… Do you notice titles?
The was my Big Personal Revelation for the week. As my editor and I were wracking our brains over this latest title, it occured to me that I seldom notice titles on other peoples’ books. Oh, I remember the titles– most of the time– so that’s not the issue. It’s more that title has little effect on why I pick up or reject a new book, since I generally take for granted that the title will have little or nothing to do with the actual content of the book.
I think this is largely because the trend during my formative reading years was to have relatively nondescript titles that had little to do with the actual content of the book. My childhood shelves are packed with “Passion’s Burning Lust”, “Lust’s Burning Passion”, and “Burning Passion’s Lust” (ah, the joys of interchangeable title words). There were all those Amanda Quicks that began with S’s– although I can’t remember now what the actual titles were– and those eternally optimistic Judith McNaught titles, like “Something Wonderful”, “Paradise”, and “Perfect.” Even my mystery novels all sounded the same, with Copenhagen Connections and Camelot Capers running riot through the shelves. Covers were generally a safer guide than title.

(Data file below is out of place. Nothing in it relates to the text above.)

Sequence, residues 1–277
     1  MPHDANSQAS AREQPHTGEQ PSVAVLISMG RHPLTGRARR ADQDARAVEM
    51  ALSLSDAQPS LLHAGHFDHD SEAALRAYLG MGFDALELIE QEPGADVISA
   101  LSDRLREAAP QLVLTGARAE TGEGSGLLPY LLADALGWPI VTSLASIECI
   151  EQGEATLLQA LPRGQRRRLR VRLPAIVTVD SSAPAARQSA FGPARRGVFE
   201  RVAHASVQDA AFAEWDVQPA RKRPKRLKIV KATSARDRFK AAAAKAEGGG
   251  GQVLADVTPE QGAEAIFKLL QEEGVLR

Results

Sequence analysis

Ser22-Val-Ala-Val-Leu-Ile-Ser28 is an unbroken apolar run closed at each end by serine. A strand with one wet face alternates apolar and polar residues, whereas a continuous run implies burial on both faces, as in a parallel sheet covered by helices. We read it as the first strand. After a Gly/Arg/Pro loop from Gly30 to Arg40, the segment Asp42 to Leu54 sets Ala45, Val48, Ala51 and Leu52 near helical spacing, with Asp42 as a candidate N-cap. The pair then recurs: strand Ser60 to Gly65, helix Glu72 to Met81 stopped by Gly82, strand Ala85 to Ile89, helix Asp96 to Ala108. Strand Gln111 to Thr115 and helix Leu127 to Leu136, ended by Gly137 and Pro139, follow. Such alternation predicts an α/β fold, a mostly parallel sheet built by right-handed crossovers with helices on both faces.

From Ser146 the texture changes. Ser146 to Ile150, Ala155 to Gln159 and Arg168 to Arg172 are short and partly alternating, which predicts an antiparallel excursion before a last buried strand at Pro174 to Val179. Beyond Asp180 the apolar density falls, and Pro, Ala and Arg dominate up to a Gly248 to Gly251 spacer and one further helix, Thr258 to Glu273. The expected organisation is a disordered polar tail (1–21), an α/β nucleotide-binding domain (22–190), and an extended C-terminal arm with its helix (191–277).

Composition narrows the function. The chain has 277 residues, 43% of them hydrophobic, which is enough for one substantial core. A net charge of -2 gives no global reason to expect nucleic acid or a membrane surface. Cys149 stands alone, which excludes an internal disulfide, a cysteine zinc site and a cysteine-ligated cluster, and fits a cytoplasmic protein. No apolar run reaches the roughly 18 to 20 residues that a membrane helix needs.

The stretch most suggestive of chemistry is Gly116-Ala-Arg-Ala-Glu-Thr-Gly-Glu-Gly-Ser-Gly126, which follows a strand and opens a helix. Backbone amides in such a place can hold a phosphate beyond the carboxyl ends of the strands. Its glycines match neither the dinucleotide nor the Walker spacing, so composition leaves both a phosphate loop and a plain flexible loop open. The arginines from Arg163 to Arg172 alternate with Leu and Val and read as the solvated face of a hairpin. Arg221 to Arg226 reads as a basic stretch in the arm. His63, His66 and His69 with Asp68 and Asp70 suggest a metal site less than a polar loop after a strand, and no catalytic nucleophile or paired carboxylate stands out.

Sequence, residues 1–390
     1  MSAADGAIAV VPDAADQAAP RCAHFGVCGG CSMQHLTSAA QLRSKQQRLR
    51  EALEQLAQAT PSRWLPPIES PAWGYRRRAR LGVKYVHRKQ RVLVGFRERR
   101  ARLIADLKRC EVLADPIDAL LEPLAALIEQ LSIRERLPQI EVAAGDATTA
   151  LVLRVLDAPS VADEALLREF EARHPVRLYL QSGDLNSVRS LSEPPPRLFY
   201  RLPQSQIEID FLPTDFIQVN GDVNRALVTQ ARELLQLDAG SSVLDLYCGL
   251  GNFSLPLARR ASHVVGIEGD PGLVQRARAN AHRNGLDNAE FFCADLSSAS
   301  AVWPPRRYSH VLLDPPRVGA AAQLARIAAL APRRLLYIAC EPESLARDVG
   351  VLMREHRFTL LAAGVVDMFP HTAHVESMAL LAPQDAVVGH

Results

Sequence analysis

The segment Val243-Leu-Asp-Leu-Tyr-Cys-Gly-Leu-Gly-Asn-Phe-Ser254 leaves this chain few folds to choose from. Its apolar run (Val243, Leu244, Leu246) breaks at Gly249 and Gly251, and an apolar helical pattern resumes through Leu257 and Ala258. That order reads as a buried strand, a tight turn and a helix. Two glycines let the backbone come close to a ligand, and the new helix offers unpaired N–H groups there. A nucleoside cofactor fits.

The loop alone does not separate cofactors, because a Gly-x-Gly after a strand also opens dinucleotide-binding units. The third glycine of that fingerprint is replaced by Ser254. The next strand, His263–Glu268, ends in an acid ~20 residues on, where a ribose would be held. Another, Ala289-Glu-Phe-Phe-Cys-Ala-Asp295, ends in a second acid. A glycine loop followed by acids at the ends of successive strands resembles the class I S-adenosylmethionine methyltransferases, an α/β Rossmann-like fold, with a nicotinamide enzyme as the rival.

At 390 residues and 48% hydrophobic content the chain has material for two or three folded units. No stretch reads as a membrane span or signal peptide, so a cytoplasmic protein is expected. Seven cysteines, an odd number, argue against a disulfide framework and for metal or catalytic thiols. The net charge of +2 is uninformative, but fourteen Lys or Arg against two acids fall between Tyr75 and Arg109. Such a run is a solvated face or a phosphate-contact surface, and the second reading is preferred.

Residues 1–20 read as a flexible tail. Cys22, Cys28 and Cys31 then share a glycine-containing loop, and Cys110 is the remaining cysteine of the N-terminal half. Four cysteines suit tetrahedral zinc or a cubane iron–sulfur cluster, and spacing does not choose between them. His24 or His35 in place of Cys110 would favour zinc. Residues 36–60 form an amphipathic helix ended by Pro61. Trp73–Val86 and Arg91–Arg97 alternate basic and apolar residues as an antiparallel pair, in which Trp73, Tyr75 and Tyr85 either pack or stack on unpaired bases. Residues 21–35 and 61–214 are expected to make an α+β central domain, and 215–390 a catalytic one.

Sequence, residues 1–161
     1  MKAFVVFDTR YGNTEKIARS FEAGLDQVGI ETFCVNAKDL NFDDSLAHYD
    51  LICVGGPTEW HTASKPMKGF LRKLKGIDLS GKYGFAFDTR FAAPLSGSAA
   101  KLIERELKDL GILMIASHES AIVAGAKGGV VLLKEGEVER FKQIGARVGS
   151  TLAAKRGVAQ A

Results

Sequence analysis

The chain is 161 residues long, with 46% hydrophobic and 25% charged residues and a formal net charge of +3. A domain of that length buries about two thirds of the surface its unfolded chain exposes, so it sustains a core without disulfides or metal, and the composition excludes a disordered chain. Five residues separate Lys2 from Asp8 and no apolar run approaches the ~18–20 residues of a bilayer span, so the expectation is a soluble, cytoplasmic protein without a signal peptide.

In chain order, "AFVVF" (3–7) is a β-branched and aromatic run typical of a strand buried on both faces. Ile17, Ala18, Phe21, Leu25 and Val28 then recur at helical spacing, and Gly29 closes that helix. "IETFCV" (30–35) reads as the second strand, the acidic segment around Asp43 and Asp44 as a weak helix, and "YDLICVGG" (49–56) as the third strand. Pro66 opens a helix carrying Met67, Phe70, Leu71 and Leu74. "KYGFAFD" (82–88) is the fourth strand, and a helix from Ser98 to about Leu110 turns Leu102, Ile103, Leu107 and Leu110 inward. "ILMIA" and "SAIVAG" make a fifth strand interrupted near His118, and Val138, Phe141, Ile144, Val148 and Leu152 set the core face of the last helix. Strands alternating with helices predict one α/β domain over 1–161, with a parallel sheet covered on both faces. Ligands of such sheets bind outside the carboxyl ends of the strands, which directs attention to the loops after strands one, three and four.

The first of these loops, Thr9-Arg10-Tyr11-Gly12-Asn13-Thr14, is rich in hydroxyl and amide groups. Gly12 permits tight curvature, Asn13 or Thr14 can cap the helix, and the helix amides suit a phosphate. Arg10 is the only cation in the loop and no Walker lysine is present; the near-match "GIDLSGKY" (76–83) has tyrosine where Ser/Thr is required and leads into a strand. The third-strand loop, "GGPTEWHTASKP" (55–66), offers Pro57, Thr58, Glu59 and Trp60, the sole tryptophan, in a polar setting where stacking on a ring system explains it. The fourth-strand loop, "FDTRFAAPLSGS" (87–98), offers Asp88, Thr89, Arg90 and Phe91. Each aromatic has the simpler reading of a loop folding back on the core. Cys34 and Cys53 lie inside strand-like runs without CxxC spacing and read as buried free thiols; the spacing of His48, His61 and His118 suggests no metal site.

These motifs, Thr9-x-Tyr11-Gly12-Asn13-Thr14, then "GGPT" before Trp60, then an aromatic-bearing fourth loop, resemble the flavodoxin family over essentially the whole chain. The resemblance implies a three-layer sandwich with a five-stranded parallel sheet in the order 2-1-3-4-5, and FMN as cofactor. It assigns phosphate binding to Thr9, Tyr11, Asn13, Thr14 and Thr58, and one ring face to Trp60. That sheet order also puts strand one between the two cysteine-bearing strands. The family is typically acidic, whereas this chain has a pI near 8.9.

I remember titles as a means of identification, but they’re seldom a selling point for me, even the really good titles, like “Through a Glass Darkly” or “I Capture the Castle”. I will admit to a susceptibility, though, not to titles as a whole, but to individual words in titles. Words like “castle”, “king” and “lord” tend to catch my attention (sense a theme?). I always feel very betrayed when these then turn out to be dystopian novels about dysfunctional families in the Bronx in the 1920’s, or something of that ilk.
Do titles have any effect on whether or not you pick up a book? And, if so, is it the title as a whole, or individual words within the title that get to you?